Wednesday, November 16, 2016

The Week That Was ...

There’s that bit in the blog subtitle or page description thingy (above) where I threaten to post random words about “life as we know it” … yet mostly I stick to boring stuff like album reviews and music-related snippets for blogpost material. Well, not today … I’m pretty exhausted by a number of things happening around me, and I’m hoping a wee rant might just prove cathartic.

This past week has been a fairly momentous one in many ways. Not only for the wider world and all of the barely anticipated political upheaval, but also for the small dot at the bottom of the South Pacific where everythingsgonegreen resides … aka The Shaky Isles, Aotearoa, New Zealand, which unfortunately, over the past 48 hours, has very much lived up to its former moniker after being rocked by a series of fairly large earthquakes. The largest of those measuring 7.5 on the Richter scale (or 7.8, depending on where you look), claiming two lives, cutting off a large chunk of the upper South Island, and causing major disruption to the nation’s capital. The more than 1,500-plus aftershocks continue as I type this.
Train to Doomsville
This kind of thing – seismic activity where you’re simply at the mercy of Mother Nature – certainly helps to provide perspective on all of those other rather insignificant issues in our daily lives, things we often deem to be important beyond all proportion. When in fact, in light of continually feeling unsafe and under threat from a power none of us has any real understanding of, those things aren’t really all that important at all.

The impact of the major earthquake was further exacerbated over the following 48 hours by a fairly large storm – torrential rain and 140kmph winds – which resulted in flooding, land slips (as the earth continued to move), road closures, and yet more mayhem. Without wanting to overstate it, or appear overly dramatic, it offered a (hopefully) brief glimpse into what it must feel like to live in a war zone, when you’re trying to go about your daily business and live life as “normally” as possible, but never quite know what to expect next. Nerves are frayed, loved ones are traumatised, and more significantly, all of the major emergency services are stretched in ways they’re never really fully designed to be. And people end up – by default – operating on very little sleep, which can become a serious issue in itself.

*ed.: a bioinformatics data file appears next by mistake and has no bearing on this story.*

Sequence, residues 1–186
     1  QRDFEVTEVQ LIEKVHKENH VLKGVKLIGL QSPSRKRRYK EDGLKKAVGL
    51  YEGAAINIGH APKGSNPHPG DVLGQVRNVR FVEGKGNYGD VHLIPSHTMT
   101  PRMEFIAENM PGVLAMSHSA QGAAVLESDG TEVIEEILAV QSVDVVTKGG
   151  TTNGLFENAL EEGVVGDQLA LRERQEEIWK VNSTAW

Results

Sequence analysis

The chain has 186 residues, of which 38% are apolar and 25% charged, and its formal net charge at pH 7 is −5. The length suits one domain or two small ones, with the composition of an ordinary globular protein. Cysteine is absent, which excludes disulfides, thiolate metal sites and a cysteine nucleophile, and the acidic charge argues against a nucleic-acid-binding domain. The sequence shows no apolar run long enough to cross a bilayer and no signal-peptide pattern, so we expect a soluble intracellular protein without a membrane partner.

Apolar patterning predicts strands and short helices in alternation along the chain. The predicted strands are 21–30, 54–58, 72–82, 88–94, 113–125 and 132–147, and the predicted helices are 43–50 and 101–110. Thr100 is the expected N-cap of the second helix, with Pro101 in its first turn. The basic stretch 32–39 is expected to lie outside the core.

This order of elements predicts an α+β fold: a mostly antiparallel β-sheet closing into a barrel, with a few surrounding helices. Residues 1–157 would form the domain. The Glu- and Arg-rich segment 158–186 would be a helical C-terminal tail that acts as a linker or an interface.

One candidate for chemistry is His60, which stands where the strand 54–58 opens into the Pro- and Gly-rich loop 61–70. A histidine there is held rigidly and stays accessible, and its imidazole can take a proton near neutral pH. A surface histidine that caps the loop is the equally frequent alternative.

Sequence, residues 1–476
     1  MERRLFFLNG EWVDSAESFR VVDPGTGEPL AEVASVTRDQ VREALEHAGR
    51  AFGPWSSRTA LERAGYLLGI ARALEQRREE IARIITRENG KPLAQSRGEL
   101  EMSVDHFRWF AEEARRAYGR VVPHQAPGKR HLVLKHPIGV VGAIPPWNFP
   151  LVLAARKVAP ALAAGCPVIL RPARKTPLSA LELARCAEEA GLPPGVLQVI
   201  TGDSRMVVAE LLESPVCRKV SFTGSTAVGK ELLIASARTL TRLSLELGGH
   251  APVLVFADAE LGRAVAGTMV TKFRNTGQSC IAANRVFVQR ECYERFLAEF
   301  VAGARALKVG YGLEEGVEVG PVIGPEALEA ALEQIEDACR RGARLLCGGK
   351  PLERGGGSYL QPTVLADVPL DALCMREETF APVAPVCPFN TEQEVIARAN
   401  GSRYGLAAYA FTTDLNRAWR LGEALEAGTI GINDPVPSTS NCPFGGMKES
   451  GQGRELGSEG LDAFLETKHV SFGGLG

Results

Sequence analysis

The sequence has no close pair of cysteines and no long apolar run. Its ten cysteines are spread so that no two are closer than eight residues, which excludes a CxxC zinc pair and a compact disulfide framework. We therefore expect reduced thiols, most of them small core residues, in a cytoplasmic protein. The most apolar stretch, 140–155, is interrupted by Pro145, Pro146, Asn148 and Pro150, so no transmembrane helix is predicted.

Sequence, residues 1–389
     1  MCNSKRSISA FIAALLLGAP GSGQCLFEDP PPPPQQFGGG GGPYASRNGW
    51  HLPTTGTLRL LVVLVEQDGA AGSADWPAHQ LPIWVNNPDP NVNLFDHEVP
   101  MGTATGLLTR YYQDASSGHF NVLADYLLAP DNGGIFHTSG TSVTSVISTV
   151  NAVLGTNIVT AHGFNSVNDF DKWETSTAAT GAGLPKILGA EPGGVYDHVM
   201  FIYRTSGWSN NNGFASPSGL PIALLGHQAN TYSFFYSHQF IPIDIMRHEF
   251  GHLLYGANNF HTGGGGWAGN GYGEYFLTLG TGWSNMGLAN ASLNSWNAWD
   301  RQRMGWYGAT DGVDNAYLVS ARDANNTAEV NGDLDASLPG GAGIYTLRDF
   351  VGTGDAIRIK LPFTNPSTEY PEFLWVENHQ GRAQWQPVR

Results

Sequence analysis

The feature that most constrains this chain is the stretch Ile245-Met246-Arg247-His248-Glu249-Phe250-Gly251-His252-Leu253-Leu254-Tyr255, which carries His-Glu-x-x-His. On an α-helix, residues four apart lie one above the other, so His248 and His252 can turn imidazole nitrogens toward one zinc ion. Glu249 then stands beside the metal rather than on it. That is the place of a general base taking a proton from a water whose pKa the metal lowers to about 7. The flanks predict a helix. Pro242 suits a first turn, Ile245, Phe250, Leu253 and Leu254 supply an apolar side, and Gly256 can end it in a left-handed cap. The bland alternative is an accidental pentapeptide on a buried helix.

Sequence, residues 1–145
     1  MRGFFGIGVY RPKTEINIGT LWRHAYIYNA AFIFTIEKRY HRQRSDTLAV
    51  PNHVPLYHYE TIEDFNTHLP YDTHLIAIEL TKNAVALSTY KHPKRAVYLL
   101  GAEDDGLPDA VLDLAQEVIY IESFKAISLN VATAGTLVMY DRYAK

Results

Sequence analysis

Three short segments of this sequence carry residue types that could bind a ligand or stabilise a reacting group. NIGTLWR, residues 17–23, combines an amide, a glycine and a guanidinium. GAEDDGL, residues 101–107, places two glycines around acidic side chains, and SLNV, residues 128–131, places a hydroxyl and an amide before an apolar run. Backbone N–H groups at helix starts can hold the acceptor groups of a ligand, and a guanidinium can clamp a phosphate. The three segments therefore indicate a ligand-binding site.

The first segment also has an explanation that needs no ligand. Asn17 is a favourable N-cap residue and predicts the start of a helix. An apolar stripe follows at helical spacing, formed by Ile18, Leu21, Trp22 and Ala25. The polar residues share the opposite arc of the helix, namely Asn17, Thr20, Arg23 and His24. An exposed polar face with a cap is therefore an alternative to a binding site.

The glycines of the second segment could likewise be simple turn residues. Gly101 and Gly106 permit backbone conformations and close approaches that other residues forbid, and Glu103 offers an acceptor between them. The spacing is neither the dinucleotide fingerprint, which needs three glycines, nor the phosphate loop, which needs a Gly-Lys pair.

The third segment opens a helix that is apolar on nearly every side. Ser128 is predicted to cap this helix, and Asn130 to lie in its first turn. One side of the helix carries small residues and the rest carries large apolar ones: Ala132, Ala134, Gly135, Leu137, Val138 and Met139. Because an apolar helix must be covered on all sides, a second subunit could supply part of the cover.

With the heavens opening from above, and the earth moving beneath our feet, it is a little bit like living inside an automatic washing machine permanently set on endlessly repeating the rinse and spin cycles.

None of that is meant to undermine or trivialise the real horror of life for people in places like Aleppo or Mosul, nor indeed the many hundreds of other war zones or hotspots across the globe, where serious loss of life is a daily reality. That, of course, is much worse. Natural disasters tend to come and go (fingers crossed), yet man’s own capacity to destroy his fellow man isn’t ever quite so relenting or forgiving … *waves fist at the sky*.

Which brings me to Donald Trump and the climate of fear he managed to successfully exploit in order to become the most improbable President of the USA we’ve ever seen.

The first thing we must acknowledge is that democracy – or at least a form of it – had its day, and if you believe in democracy, then you must accept that Trump was fairly elected. In the same way we would have accepted it if the flawed but not nearly as dangerous Hillary Clinton had been deemed worthy. Whether I think that was a wise move by the evidently hard-of-thinking wider American populace is irrelevant, but putting on my rather ill-fitting feminist hat, it’s hard to fathom that the most qualified woman in history missed out on the top job to a 70-year-old man with an orange face, unfeasibly bad hair, and absolutely no previous experience.